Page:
Sydney film fans, it’s time to get your wallets out and your film goggles on. We’ve gone through a long cold lonely winter without them, and now as the weather is getting colder again, we have another season of fabulous films to look forward to. With a theme this year that is represented by a person in yellow spandex being crushed by a cube, ‘difference’ appears to be the message here. So what treats does SFF have in store for Sydneysiders and pilgrims alike over the 12 days of dizzying delights across the cinemas of the CBD?
Kicking off the festivities is is Hanna, directed by Joe Wright and starring Saoirse Ronan, Eric Bana and Cate Blanchett, at the traditional site of the State Theatre. This has been getting massive buzz already and is a terrifc coup for the Festival to launch what is undoubtedly one of the most exciting programs to date. The Reel Bits has already secured their tickets for this big night, so you can rest assured that this is one we will definitely be covering.
Hanna has already seen some box office success in the US, and the Australian premiere will feature Cate Blanchett as a guest on the red carpet and after party.
Films in competition
From the preview released in April, we already know that Athina Rachel Tsangari’s Attenberg, Miranda July’s (who will be presenting the film at the festival) The Future and Tran Anh Hung’s adaptation of Norwegian Wood are in competition at this year’s Festival. As regular readers will well know by now, Chinese director Chen Kaige has been named jury president of the 2011 Sydney Film Festival.
Other films in competition include Asghar Farhadi’s A Separation, Fernando León De Aranoa’s Amador, Alexander Zeldovich’s Target, Joshua Marston’s Forgiveness of Blood, Jeff Nichols’ Take Shelter, Mohamed Diab’s Cairo 678, Terrence Malick’s Tree of Life, Julia Leigh’s Sleeping Beauty and Australia’s own Ivan Sen with Toomelah.
There are dozens of titles announced at the festival, with many of them Australian premieres, and as usual the SFF program provides a diverse and eclectic mix of contemporary films from around the world. Paddy Considine’s Tyrannosaur, already a winner of Best Director at Sundance, is definitely one to watch out for. Likewise, John Michael McDonagh’s The Guard and Kelly Reichardt’s Meek’s Cutoff have already been winning fans at festivals around the world. Another film getting a fair amount of buzz is Martha Marcy May Marlene, which has already won a directing award at Sundance and stars the lesser known younger sister of the Olsen twin, Elizabeth Olsen alongside Hugh Dancy and John Hawkes (rapidly becoming an indie darling after last year’s turn in Winter’s Bone).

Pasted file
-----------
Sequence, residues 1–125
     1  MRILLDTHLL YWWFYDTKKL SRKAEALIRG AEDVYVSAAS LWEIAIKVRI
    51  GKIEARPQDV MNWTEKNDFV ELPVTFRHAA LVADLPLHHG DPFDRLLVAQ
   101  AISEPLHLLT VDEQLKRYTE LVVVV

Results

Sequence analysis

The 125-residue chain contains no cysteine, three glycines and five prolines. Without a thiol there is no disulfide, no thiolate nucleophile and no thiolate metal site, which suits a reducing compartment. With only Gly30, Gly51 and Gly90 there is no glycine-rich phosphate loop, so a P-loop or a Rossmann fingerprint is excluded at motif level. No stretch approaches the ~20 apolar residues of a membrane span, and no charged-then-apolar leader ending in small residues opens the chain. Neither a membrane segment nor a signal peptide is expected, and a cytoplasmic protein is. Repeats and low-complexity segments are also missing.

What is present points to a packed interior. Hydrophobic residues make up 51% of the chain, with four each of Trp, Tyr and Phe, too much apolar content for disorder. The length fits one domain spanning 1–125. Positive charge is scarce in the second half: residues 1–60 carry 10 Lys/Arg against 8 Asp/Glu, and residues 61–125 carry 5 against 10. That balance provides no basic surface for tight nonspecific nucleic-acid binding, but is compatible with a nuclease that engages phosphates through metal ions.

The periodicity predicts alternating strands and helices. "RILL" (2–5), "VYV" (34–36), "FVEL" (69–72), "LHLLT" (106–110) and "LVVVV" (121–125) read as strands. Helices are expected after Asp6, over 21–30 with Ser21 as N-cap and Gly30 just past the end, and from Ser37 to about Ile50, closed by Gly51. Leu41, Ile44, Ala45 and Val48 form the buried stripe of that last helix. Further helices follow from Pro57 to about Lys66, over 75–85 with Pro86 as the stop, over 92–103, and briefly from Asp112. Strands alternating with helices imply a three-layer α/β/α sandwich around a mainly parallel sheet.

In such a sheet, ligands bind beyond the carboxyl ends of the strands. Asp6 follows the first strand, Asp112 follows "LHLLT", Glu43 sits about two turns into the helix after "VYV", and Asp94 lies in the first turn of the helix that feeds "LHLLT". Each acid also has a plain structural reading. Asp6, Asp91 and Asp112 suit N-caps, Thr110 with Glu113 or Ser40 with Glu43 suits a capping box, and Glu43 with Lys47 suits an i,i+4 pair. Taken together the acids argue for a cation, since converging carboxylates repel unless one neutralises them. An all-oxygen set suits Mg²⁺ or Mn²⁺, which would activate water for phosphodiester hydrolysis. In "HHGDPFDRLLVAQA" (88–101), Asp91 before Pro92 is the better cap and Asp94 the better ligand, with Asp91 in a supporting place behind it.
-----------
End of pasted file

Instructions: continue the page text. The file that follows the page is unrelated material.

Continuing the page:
Between the Fire Me Up and Freak Me Out Pathways, lovers of cult cinema with a different will be in for a treat. Miike’s Takaski 13 Assassins, complete with a 45 minute battle sequence, Rutger Hauer in Hobo with a Shotgun, Japan’s Mutant Girls Squad, Norway’s The Troll Hunter and the satirical Tucker & Dale Vs. Evil. Modern-day fans of shlock should bow down before the master Roger Corman whose films and exploits are explored in Corman’s World: Exploits of a Hollywood Rebel. Managing to elicit stories from any number of ‘aspiring’ filmmakers that Corman gave a big break to (Martin Scorsese, Ron Howard, Peter Bogdanovich, Jonathan Demme, Peter Fonda and Jack Nicholson), this just might be the must-see documentary of the festival!
Fans of the retro can look forward to a melodramatic Douglas Sirk Retrospective featuring All That Heaven Allows, Imitation of Life, Magnificent Obsession, There’s Always Tomorrow and Written on the Wind. Perhaps a generation that only knows the director from the name of steak in Quentin Tarantino’s Pulp Fiction will find the weepy wonders of Sirk in this brilliant look back as his work. Similarly, persecuted Iranian director Jafar Panini will get his own retrospective including such films as Offside, The Mirror, The Circle and The White Balloon.
Kids need not feel left out either, with a great selection of family films to gather round. Along with the Australian premiere of Kung Fu Panda 2, the sequel to the popular Dreamworks animation that also had its Australia debut at the Sydney Film Festival 2008, there is the 3D Belgian Sammy’s Adventure: The Secret Passage, telling the story of a sea turtle; Africa United, as a group of Rwandan kids hit the road for the soccer world cup, and the beautifully animated The Great Bear from Denmark, a tale that has been compared with Hayao Miyazaki’s Princess Mononoke. High praise indeed!
Whether you are into green cinema, want SFF to Take Me on a Journey or Push Me to the Edge, like sound on film, are into documentaries, short films or children’s pictures, there is something there for you. LENNONYC documents the late Beatles’ love affair with New York City, and how he found his way back there and to his music after an infamous “lost weekend” in Los Angeles, with director Michael Epstein interviewing the likes of Yoko Ono and Elton John. Still on the subject of famous New Yorkers, director Martin Scorsese (with researcher and archivist Kent Jones) explores the life of the controversial writer and director Elia Kazan (On the Waterfront) in A Letter to Elia.
The closing night film this year is Beginners, directed by Mike Mills and starring Ewan McGregor – the winners of the 2011 Sydney Film Prize, the 2011 FOXTEL Documentary Prize and the Dendy Awards for Australian Short Films will be honoured.
The Sydney Film Festival runs from 8 – 19 June 2011 at various venues across the Sydney CBD. For the full program, please visit their website. Tickets are now on sale.